Chive Biscuits

These biscuits have no butter or cream (crazy, right!?), so they are much healthier than your typical southern biscuit. Believe me, I love that buttery biscuit goodness as much as you could possibly imagine (favorite: Loveless Cafe in Nashville), but I also know that my arteries would lose that battle.

These were biscuits actually made for a low-iodine diet, but I’m going to make these as my go-to savory biscuit from now on (maybe I’ll try rosemary next time!). I got a lot of compliments on them from people who didn’t even realize they were low-iodine diet friendly/butter-free/cream-free/buttermilk-free.

The chives give these biscuits a great flavor kick and also make your kitchen smell amazing as they bake, which is always a great bonus.

By the way, I need to apologize for the pictures on this post – I don’t have my camera right now and phone pictures just don’t cut it. I promise they taste much better than the pictures indicate!


Chive Biscuits

Part of the appeal of these biscuits is that they’re super easy to make almost all the ingredients (except for maybe the chives) are usually readily available in any kitchen.

I mixed the dry ingredients (flour, baking powder, Kosher salt) first – I still haven’t gotten a sifter, but that’s on the list of things to buy. I then added the chopped chives. It doesn’t seem like a lot of green swimming in the flour mixture, but they are very flavorful. I’ll probably add even more chives next time because I love the flavor so much!

IMG_1060
If you look closely, you can see the green flecks of the chives

Normally, I would then grate very cold (from the freezer) butter. But in this case, I added oil and ice cold water instead. I added a little more water than I needed to a measuring cup and threw in 3-4 ice cubes and let it sit while I was combining the dry ingredients. It’s not that much water so it doesn’t take long to get cold.

I mixed all the ingredients until everything was just combined into dough and dumped it onto a floured surface. This dough is much stickier than usual recipes, so make sure you use a more flour than you normally would on both the surface and your hands.

IMG_1062
The dough is VERY sticky so make sure you flour your hands!

The first time I made these, I used a rolling pin to roll out the dough, but I don’t recommend that as it squishes all the air pockets down, and since this mixture doesn’t have butter to help create the flakiness, this made them a little dense.

This time, I patted the dough out with very floured hands into a very thin layer, then folded it in half about 3-4 times onto itself to create layers and then gently patted it down again to about 1/2″ thick.

I don’t have a biscuit cutter so I used the open end of a wine glass to cut out the pieces for about half of the biscuits. For the other half, I tried just tearing off a chunk of dough for “drop biscuits” (literally just drop the hunk of dough onto the pan). There was no final difference between the two methods, so it just depends on how uniform you want your biscuits to look at the end (or how good/bad you are at estimating equal sizes of dough).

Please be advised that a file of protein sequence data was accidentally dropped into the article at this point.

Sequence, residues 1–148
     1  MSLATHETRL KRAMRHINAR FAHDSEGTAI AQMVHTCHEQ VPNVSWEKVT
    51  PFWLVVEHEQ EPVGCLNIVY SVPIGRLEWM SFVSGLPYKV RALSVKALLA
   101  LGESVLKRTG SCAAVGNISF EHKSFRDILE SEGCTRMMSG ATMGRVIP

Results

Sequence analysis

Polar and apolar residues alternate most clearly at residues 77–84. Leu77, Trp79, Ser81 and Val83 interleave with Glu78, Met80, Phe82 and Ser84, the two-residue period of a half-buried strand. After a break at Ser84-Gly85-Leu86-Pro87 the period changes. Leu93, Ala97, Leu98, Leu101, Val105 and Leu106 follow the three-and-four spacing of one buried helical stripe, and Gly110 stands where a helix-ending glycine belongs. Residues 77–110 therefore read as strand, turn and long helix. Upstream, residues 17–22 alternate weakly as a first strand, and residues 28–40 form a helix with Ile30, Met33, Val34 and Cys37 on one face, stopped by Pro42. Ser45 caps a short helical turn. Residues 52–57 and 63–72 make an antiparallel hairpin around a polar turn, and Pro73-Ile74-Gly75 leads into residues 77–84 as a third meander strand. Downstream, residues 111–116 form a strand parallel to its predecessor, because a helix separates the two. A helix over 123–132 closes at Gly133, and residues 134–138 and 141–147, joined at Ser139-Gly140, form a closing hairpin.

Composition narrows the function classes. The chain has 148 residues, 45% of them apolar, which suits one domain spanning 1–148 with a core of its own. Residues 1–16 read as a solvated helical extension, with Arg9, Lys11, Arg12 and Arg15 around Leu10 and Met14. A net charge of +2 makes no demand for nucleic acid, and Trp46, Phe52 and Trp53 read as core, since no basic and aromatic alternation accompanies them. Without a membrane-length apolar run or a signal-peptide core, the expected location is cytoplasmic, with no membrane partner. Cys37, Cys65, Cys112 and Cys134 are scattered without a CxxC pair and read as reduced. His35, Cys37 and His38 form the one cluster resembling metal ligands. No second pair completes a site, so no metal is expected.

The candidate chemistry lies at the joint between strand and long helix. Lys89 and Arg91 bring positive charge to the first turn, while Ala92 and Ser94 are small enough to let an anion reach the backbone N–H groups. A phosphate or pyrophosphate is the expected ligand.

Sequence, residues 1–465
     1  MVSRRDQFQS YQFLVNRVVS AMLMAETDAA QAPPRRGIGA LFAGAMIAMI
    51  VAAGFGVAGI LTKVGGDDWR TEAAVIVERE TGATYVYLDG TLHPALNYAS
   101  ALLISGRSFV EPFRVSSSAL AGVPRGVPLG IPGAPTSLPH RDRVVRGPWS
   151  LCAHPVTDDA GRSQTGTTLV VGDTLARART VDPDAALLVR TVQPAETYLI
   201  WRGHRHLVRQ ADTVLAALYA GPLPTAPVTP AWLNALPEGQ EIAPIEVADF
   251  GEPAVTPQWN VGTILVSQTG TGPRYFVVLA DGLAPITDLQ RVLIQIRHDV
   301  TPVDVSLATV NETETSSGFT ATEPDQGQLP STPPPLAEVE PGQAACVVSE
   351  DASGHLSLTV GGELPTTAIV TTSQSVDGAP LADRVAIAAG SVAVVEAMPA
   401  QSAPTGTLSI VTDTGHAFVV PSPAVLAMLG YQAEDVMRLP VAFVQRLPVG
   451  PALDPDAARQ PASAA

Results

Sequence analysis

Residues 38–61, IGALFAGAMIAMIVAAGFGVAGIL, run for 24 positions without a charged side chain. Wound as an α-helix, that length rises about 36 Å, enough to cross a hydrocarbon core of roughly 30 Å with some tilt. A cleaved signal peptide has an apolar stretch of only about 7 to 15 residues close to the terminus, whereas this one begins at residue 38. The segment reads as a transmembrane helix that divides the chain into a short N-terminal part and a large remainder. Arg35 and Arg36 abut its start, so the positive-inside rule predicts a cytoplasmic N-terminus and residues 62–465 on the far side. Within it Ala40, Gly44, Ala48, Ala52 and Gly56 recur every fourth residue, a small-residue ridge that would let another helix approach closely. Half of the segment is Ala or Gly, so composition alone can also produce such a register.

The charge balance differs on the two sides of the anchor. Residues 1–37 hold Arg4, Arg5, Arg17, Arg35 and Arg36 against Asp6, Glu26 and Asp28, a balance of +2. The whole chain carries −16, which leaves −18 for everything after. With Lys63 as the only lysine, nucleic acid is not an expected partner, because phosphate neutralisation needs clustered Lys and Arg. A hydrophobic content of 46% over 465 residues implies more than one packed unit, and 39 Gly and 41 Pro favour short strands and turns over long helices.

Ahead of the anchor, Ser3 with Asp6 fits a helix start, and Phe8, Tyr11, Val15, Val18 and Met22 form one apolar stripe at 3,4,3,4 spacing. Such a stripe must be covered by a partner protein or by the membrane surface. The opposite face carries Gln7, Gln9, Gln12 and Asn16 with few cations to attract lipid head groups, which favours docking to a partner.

I baked them at 450°F for 12 minutes and let them cool, which was tough because they smelled so good! I transported them to a baby shower I was making them for by lining the bottom of a stoneware dish with aluminum foil to keep them warm, then layering paper towels on top to wrap the biscuits in. I would have preferred a cute basket with a cute towel, but I have neither of those things (…yet)!

 

Voilà!

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The right / uglier one is from the first attempt and I ate all of (the half batch) by myself. The left / better looking one is from the second attempt and I only ate one as a test and shared the rest.

 

Chive Biscuits

Adapted from The Low-Iodine Cookbook

Servings: 12

Ingredients

  • 2 cups all-purpose flour, sifted
  • 3 tsp baking powder
  • 1 tsp Kosher salt
  • 1/2 cup chives (or more to your liking!), chopped
  • 1/3 cup vegetable or canola oil
  • 2/3 cup ice cold water

*If making for a low-iodine diet, make sure you check your ingredients and verify that they are indeed iodine-free

Method

  1. Preheat oven to 450° F and line baking sheet with parchment paper
  2. Mix flour, baking powder, salt in large bowl and mix in chives
  3. Add oil and ice cold water to dry ingredients at the same time
  4. Mix until wet and dry ingredients are just combined and dough begins to form
  5. Dump mixture onto floured surface
  6. Pat very thinly (coat your hands with flour as the mixture is stickier than normal biscuit dough) and fold onto itself 3-4 times
  7. Pat down (don’t use rolling pin!) to ~1/2″ thick
  8. Use biscuit cutter or open end of small wine glass to cut into 12 pieces or just grab chunks with your hand and plop it onto the baking sheet
  9. Bake at 450°F for 12 minutes
  10. Nom nom nom!

Estimated Nutritional Information (per biscuit): 130 calories; 6.2g fat; 174mg sodium; 5.9mg potassium; 15.4g carbs; 2.1g protein

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